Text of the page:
The next to pass upon is the third assigned error vis-a-vis the real nature of the transaction entered into by and between Benedicto Ramos and Vicente Aniñon. Was the instrument of sale inked in favor of petitioner Vicente Aniñon an equitable mortgage, in actuality? As heretofore stated, the Court of Appeals ruled in the affirmative, citing Article 1602 of the Civil Code, which reads:
Art. 1602. The contract shall be presumed to be an equitable mortgage, in any of the following cases:
(1) When the price of a sale with right to repurchase is unusually inadequate;
(2) When the vendor remains in possession as lessee or otherwise;
(3) When upon or after the expiration of the right to repurchase another instrument extending the period of redemption or granting a new period is executed;
(4) When the purchaser retains for himself a part of the purchase price;
(5) When the vendor binds himself to pay the taxes on the thing sold;
(6) In any other case where it may be fairly inferred that the real intention of the parties is that the transaction shall secure the payment of a debt or the performance of any other obligation.
In any of the foregoing cases, any money, fruits, or other benefit to be received by the vendee as rent or otherwise shall be considered as interest which shall be subject to the usury laws. (n)
The Court of Appeals based its finding of an equitable mortgage on paragraphs 1 and 2 of the aforecited law in point because the price or consideration of the supposed sale was considered unusually inadequate, and the vendor, private respondent Benedicto Ramos, continued to possess the property transacted upon even after the execution of the deed of sale, thereby bringing the contract within the purview of Article 1602, N.C.C.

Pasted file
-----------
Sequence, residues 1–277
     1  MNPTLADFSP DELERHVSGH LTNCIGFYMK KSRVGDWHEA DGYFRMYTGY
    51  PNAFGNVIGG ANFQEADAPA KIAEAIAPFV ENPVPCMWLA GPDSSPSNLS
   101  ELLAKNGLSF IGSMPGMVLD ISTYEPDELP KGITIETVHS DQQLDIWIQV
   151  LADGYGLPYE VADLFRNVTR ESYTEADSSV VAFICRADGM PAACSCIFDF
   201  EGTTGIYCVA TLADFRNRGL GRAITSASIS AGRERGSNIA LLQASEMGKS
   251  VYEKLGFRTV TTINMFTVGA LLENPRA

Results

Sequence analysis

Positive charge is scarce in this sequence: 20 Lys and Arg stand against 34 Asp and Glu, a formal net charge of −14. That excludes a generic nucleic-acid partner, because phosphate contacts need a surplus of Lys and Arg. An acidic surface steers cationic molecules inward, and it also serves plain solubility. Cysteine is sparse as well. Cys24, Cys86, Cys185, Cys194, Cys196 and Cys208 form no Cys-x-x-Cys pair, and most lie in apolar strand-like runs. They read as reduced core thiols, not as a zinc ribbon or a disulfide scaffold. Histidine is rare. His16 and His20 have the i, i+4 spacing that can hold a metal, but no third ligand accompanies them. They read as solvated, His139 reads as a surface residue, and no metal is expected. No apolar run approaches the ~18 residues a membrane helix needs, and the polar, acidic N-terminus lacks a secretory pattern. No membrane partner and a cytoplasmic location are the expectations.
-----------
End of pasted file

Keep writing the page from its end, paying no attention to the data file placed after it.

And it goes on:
To be sure, records on hand show by preponderance of evidence, that the Deed of Sale litigated upon was, in reality, one of equitable mortgage. Even assuming that the conclusion by the Court of Appeals on the inadequacy of the purchase price could be anemic of evidentiary backing, the contemporaneous and subsequent acts of the parties portrayed or signified that the “sale” was, in truth and in fact, an equitable mortgage.
Paragraphs (2) and (6) of Article 1602 apply in view of the undeniable fact that the vendors did not relinquish possession of the property even after the sale and, as earlier stressed upon, the document of sale they signed was only to secure payment of a debt or performance of an obligation. Verily, vendor Benedicto Ramos clung to the possession of the property, after the deal in 1977, and his possession was undisturbed until 1985, when an ejectment suit was instituted against him by petitioner Vicente Aniñon. But, again, in such ejectment case, private respondent Benedicto Ramos categorically and unequivocally narrated before the trial court that the sale being impugned was just devised to secure payment of a debt or performance of an obligation.